The COVID-19 pandemic has certainly made a difference in our daily routines. It has even changed the way we exercise. For the first few months, cyclists who would normally ride outdoors took their exercise indoors. Those who were going to cycling classes suddenly found themselves riding at home.
All of this indoor cycling activity has inadvertently shined a brighter light on something known as virtual racing. Actually, there are two forms of virtual racing that have benefited from the social distancing aspects of COVID-19. It is almost as though indoor cycling and virtual racing are a marriage made in heaven.
Riding Virtual Routes
The first form of virtual racing involves riding virtual routes programmed into your bike. For example, you may have always dreamed of running the Tour de France but never had the means to make it happen. Run the race at home with a virtual route programmed into your bike.
The most modrn indoor bikes on the market have the programming capabilities built in. Some even come with HD screens that make the ride more realistic with high quality computer graphics. Throw in a virtual reality headset and it is like you are really there.
Even if you don’t have a top-of-the-line bike with all the bells and whistles, you might be able to still accomplish a virtual race using a tablet, smartphone, or laptop computer. You download the race to your device, then watch for queues on the screen that tell you when and how to adjust your bike. It is not as easy, but it still works.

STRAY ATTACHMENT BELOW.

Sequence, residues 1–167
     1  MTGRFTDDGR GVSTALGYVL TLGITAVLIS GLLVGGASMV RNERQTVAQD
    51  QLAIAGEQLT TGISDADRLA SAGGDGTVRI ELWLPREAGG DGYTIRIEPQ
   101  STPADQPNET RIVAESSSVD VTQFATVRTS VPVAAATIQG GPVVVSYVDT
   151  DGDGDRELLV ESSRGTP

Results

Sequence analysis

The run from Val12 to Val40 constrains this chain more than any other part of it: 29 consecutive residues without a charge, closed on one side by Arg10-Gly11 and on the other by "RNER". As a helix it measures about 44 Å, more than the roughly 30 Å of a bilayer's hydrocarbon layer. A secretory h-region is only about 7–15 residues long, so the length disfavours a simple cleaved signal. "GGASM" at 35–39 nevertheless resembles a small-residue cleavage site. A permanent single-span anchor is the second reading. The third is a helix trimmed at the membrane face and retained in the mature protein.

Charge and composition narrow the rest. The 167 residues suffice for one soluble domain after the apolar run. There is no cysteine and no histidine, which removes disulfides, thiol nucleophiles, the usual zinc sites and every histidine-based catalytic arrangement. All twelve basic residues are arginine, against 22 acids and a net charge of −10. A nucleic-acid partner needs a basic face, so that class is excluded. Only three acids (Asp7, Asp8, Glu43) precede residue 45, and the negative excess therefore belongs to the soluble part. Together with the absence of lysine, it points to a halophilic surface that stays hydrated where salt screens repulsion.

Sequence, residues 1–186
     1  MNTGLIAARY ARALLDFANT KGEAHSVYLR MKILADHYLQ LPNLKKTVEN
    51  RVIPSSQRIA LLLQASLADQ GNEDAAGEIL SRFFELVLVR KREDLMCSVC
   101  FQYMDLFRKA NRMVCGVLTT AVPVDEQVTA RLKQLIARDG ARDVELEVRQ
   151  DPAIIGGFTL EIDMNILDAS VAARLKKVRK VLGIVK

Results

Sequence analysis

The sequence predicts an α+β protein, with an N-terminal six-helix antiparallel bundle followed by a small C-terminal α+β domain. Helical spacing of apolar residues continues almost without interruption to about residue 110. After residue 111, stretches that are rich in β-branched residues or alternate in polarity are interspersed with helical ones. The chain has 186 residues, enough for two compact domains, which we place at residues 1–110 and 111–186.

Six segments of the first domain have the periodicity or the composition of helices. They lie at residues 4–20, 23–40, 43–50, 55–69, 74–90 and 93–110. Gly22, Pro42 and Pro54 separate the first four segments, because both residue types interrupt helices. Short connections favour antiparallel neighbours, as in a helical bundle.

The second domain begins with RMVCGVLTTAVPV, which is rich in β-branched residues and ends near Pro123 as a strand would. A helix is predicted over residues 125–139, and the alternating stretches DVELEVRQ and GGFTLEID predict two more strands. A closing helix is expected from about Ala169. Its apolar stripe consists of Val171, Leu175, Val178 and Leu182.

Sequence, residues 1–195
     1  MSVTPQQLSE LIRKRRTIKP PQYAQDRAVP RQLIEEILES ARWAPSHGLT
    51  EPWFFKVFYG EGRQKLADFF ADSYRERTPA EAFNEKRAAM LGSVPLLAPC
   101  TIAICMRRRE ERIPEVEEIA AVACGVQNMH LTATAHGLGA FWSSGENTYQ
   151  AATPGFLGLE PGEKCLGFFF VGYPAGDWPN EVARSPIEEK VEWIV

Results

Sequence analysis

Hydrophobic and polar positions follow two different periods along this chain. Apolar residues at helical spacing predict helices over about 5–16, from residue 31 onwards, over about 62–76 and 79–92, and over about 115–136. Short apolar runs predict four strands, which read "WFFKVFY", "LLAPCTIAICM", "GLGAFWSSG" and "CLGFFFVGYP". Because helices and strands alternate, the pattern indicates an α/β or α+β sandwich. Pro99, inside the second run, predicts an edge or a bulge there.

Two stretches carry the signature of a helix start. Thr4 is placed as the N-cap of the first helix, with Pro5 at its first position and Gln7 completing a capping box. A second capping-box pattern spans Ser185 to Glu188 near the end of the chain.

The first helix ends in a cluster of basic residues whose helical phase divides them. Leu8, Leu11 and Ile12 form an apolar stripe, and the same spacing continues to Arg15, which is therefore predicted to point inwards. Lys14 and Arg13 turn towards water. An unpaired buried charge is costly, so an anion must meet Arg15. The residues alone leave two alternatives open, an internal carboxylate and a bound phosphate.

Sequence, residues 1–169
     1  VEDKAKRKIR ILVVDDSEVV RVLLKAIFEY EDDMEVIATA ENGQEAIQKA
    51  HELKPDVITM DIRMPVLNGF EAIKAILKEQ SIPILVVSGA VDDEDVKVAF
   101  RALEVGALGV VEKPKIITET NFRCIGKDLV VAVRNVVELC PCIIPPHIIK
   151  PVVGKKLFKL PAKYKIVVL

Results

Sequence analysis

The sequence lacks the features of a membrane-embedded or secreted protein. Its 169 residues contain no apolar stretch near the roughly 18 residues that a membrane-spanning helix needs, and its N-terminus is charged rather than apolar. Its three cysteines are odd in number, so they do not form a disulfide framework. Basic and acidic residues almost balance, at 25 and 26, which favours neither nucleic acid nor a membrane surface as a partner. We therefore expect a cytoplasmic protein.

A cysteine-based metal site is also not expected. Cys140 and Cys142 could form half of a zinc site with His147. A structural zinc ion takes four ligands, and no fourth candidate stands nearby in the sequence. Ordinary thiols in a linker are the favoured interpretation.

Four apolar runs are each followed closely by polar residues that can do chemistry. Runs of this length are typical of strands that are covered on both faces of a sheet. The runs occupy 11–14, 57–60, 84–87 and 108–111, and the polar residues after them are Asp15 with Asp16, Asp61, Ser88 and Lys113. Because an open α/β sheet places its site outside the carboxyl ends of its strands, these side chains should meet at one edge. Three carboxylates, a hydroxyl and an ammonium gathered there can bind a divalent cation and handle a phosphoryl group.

Virtual Racing for Charity
The other form of virtual racing involves doing what you do for charity. If you are a casual cyclist who normally enters local and regional races for the joy of competition, part of the fee you pay to ride probably goes to charity. You can do the same thing on a virtual basis.
Most of the virtual racing platforms work on the same basic principles. They issue challenges that each racer does on his or her own schedule. Upon completion of the challenge, a medal is awarded. You pay an entry fee just as you would for a live race. Entry fees tend to be lower for virtual races.
Some of these programs work on the honor system. You accept the challenge and the organization assumes that you will honestly report completion of the challenge in order to get your medal. Other programs involve a smartphone app to track your time and/or distance, thus verifying you actually complete the challenge.
At any rate, you can complete each race on your own schedule. In most cases, you can do it over multiple days. Thus, you could run something like the Tour de France over many weeks of regular cycling.
Made for Indoor Cycling
Both types of virtual racing are made for indoor cycling. Indeed, visit a cycling studio like Salt Lake City’s Mcycle and you’ll find that you can do much the same thing in a class environment. You can take classes designed around specific real-world routes that outdoor cyclists run all the time.
You might take a cycling class from home using an internet-capable bike. The same thing goes. You choose a class based on the route that interests you. As you ride, there is an instructor working with you acting as your coach and motivator.
The COVID-19 pandemic has many of us continuing to exercise indoors while we wait for things to fully reopen. If you are cycling at home, consider virtual racing. You might find it quite motivating.